This month, in Supportive Cancer Care, Claudio Cerchione from the Azienda Ospedaliera Universitaria Federico II, Naples, Italy, and colleagues published results of their prospective study, which compared secondary prophylaxis with filgrastim (control) versus primary prophylaxis with pegfilgrastim (peg group) in patients with iNHL after induction with bendamustine-rituximab.
In total, 122 patients with untreated iNHL were eligible for analysis with a median age of 45.3 years (range, 31–77). The histological subtypes were FL (n=83), MZL (n=32), SLL (n=4), and LPL (n=3).
- Induction: bendamustine IV 90mg/m2 given over 30–60 min on days 1 and 2 of each cycle) plus rituximab 375mg/m2 on day 1 of each cycle; every 4 weeks for up to 6 cycles
- G-CSF prophylaxis strategy:
- First period (March 2013 to August 2014): 61 pts received secondary prophylaxis with filgrastim SC 5μl/kg/day for at least 3 days, on demand if ANC <1,000/mm3
- Second period (since July 2014): 61 pts received primary prophylaxis with pegfilgrastim SC 6mg on day 4 from first course of immune-chemotherapy in each cycle
- In the control group, in the 366 cycle of BR performed, median number of vials of filgrastim administered = 3 (range, 0–5); started in mean from the second course (range, 1–3)
- Mean of nadir in ANC:
- Control group = 1,220/mm3 (range, 300–1,700) for a mean duration of 9 days (range, 7–11)
- Peg group = 1,734/mm3 (range, 880–2,110) for a mean duration of 5 days (range, 3–9)
- Pts who disrupted chemotherapy schedules due to febrile neutropenia:
- Control group = 7/61 (11.5%); 3 were time-disruptions and 4 were dose-disruptions
- Peg group = 1/61 (1.6%; time disruption)
- Peg significantly associated with fewer incidences of febrile neutropenia-related chemotherapy disruptions (P = 0.04)
- Pts hospitalized for pneumonia:
- Control group = 5/61 (8.1%); median days of hospitalization = 18 (range, 6–22)
- Peg group = 3/61 (4.9%); median days of hospitalization = 6 (range, 1–21)
- Peg significantly associated with fewer days of hospitalization due to pneumonia (P = 0.04)
- Extra-hematological side effects:
- Control group = bone pain of ≥grade 3 reported in 6/61 pts (9.8%), treated successfully with paracetamol; 0 pts stopped immune-chemotherapy due to filgrastim related side effects
- Peg group = grade 3 bone pain reported in 7/61 pts (11.5%), treated successfully with paracetamol; grade 4 bone pain reported in 1 pt (1.6%), who had to discontinue treatment
The authors concluded by stating that in newly diagnosed iNHL after treatment with BR, primary prophylaxis with pegfilgrastim appears to reduce chemotherapy disruptions due to febrile neutropenia and the days of hospitalization. Additionally, they added that pegfilgrastim was advantageous due to its mono-administration, and was well tolerated providing the opportunity of maintaining the planned treatment schedule. Lastly, they stressed that their preliminary results should be validated in controlled clinical trials.
- Cerchione C. et al. Pegfilgrastim in primary prophylaxis of febrile neutropenia following frontline bendamustine plus rituximab treatment in patients with indolent non-Hodgkin lymphoma: a single center, real-life experience. Support Care Cancer. 2017 Mar;25(3):839-845. DOI: 10.1007/s00520-016-3468-8. [Epub 2016 Nov 3].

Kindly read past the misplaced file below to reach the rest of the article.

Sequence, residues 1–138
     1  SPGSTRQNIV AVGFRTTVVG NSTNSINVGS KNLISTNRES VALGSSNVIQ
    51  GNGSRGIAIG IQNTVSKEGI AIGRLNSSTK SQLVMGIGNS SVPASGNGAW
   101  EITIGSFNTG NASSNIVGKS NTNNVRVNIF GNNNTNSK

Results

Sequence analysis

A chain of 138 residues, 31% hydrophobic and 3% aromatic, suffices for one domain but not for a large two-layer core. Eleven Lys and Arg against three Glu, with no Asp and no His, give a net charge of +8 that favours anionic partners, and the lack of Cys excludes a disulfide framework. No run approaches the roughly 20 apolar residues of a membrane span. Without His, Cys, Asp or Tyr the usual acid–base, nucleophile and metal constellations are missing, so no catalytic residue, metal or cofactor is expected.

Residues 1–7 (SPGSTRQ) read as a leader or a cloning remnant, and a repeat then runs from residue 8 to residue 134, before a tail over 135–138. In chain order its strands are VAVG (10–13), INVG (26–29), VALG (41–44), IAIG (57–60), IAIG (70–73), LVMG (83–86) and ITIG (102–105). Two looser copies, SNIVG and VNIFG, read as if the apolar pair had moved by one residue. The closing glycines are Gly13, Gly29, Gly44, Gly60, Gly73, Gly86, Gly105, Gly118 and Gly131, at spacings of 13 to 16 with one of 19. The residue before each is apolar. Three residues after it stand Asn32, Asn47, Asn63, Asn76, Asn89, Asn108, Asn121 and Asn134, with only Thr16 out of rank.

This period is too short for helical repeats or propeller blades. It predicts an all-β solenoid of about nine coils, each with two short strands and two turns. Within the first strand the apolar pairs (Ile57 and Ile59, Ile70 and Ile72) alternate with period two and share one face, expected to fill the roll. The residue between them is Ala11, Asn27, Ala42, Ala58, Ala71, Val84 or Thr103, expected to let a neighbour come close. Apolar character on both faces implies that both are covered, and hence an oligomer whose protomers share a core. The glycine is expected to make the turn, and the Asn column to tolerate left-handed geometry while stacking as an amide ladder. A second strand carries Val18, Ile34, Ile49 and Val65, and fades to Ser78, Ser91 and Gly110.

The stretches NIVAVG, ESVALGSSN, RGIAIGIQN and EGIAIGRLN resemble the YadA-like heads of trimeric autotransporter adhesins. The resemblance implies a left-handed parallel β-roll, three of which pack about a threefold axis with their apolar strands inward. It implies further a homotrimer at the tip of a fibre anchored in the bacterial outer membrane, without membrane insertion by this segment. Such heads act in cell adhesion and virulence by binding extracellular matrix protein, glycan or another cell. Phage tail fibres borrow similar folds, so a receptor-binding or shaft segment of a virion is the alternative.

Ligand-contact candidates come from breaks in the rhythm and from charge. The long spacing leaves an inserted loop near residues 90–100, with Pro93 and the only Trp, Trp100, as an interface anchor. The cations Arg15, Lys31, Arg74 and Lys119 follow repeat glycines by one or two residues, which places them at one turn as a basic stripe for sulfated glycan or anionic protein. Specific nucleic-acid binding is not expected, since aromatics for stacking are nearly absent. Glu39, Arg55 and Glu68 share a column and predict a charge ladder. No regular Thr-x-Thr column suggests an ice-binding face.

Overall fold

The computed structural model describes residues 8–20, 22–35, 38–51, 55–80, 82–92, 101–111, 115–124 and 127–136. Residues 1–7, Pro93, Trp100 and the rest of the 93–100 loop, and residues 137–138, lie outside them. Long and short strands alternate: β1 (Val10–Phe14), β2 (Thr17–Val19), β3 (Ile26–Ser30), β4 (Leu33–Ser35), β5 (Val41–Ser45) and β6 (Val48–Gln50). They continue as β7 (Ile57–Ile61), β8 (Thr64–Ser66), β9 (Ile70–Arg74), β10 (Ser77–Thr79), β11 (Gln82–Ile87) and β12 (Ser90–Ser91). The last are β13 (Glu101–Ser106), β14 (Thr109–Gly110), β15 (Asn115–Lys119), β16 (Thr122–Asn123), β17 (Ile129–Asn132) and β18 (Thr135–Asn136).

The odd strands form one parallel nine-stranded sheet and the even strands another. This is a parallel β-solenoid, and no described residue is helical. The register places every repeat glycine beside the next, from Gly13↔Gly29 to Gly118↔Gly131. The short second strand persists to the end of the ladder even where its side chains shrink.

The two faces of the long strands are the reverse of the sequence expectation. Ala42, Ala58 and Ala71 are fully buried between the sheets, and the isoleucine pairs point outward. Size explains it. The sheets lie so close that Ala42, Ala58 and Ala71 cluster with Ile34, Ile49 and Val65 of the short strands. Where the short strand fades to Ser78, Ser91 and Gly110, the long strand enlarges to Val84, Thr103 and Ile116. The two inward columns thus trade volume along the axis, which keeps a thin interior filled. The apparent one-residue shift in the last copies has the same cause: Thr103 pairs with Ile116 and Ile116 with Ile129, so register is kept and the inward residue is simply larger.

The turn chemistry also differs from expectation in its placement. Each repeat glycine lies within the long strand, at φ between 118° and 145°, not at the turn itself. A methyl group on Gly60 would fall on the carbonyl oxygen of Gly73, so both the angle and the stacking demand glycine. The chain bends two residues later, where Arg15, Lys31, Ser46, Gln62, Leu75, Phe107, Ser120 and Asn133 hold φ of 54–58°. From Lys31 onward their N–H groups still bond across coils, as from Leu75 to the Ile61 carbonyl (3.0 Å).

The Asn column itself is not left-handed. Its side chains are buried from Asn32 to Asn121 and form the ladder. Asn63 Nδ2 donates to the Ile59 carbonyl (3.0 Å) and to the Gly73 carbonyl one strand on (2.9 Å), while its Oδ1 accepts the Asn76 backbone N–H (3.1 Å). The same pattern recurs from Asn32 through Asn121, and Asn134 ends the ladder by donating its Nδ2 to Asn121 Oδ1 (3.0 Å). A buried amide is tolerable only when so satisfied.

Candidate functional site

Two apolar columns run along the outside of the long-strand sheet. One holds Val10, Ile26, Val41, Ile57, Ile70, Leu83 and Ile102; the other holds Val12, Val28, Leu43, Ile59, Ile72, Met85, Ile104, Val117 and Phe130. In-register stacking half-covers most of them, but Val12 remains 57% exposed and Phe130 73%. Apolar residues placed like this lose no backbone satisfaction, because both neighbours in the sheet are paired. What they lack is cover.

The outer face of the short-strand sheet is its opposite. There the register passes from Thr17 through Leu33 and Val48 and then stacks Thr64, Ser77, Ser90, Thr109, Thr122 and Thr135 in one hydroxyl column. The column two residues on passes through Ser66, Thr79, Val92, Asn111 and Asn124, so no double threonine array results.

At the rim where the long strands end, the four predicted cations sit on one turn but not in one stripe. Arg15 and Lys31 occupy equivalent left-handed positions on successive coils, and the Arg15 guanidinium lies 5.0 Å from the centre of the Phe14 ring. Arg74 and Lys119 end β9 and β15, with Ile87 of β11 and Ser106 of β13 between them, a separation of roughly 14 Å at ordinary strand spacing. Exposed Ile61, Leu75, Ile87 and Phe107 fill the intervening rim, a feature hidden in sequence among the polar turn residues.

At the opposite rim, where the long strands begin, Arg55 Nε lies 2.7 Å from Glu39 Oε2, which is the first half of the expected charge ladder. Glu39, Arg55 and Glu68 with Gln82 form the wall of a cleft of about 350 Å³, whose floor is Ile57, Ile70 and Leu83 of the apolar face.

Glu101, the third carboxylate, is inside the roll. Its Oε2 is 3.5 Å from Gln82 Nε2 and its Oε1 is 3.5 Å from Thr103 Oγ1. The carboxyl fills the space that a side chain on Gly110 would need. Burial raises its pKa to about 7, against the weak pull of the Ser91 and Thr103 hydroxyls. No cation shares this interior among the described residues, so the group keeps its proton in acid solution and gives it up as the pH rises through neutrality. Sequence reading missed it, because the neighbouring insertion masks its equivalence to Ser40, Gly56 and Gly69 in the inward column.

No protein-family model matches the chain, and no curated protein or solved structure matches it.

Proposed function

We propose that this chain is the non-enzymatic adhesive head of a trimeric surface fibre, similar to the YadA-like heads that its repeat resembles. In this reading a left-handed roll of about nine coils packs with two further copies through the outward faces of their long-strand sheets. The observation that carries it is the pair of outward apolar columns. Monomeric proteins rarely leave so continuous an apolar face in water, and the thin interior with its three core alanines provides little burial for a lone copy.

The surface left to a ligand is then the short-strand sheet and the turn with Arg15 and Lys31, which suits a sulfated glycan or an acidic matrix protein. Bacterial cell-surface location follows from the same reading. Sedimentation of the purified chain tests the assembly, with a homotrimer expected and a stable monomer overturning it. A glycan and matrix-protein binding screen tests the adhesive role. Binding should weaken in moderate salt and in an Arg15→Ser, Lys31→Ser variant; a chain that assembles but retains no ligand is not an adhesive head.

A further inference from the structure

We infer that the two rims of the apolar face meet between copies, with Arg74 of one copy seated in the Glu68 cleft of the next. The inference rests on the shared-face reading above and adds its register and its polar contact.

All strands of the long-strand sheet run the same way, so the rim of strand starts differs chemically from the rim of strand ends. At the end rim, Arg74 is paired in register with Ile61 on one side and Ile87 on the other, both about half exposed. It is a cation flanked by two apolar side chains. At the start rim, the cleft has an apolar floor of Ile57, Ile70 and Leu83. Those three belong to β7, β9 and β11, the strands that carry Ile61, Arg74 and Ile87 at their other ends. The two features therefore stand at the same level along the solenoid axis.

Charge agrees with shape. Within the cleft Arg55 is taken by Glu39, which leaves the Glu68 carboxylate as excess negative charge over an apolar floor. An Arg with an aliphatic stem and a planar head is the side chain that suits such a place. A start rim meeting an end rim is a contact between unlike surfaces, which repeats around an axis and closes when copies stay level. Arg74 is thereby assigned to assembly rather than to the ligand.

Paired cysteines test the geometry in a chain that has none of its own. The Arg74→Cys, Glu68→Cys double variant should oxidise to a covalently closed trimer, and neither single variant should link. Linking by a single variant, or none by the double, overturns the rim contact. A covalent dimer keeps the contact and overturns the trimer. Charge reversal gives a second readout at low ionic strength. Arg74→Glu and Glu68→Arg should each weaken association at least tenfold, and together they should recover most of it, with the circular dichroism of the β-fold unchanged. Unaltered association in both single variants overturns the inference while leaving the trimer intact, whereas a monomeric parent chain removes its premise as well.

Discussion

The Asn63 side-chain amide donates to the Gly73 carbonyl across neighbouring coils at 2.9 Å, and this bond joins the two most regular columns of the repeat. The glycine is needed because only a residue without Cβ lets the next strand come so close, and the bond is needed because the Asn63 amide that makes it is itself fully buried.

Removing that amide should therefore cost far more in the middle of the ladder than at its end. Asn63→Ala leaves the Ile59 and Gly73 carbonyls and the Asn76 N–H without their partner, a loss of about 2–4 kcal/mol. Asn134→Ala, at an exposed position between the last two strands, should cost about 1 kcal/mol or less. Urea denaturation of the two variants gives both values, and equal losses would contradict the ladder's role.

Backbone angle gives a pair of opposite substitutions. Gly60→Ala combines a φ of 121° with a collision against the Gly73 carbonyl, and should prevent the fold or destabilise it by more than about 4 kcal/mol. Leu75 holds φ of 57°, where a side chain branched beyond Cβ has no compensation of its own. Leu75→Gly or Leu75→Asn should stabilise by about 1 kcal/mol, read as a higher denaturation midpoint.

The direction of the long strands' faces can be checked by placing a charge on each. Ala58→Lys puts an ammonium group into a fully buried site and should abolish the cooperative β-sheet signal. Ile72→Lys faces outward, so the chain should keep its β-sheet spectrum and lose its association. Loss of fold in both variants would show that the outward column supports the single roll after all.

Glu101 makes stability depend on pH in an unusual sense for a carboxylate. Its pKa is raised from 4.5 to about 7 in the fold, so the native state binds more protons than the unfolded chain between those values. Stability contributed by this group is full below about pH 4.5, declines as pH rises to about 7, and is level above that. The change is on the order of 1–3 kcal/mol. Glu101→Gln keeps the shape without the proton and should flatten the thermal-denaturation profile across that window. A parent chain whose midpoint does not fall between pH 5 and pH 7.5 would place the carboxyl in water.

BACKGROUND: In this prospective study, the impact of granulocyte colony-stimulating factors (G-2 CSF) administered during induction treatment with bendamustine plus rituximab for indolent non- Hodgkin Lymphoma (NHL) was evaluated by comparing patients who received secondary prophylaxis with filgrastim (control group) versus. patients who received pegfilgrastim as primary prophylaxis (peg-group). The primary endpoint was the incidence rate of febrile neutropenia (FN)- related chemotherapy disruptions (regarding dose-dense and/or dose-intensity of schedule). The Secondary endpoint included days of hospitalization due to FN, and G-CSF-related side effects (grade ≥3 WHO toxicity criteria) in each group.
METHODS: One hundred twenty-two: 122 consecutive patients, with untreated indolent NHL, were referred to our outpatient unit for remission induction immuno-chemotherapy with bendamustine-rituximab. During the first period, 61 patients received secondary prophylaxis with filgrastim, given "on demand" if ANC was <1000/mm3. During the second period, 61 patients received primary prophylaxis with pegfilgrastim in a single administration.
RESULTS: Pegfilgrastim was significantly associated with fewer incidence rate of FN-related chemotherapy disruptions (11.4% in the control group vs. 1.6% in the peg-group, p = 0.04) and fewer days of hospitalization due to FN (median number 18 days in the control group vs. 6 in the peg-group, p = 0.04). In terms of G-CSF-related extra-hematological grade III side effects, no significant difference has been found in the two groups (9.8% in the control group vs. 11.5% in the peg-group, p = 0.77). Only one patient stopped the treatment in the peg-group due to intolerance.
CONCLUSIONS: In patients with indolent NHL, in front-line treatment with bendamustine plus rituximab, primary prophylaxis with pegfilgrastim seems to reduce the incidence of chemotherapy disruptions due to FN, and the days of hospitalization. Moreover, it is well- tolerated and may increase the opportunity to maintain the planned schedule of treatment. These results make pegfilgrastim an advantageous option in most cases both in terms of cost-effectiveness and quality of life. These preliminary observations need to be validated by controlled clinical trials.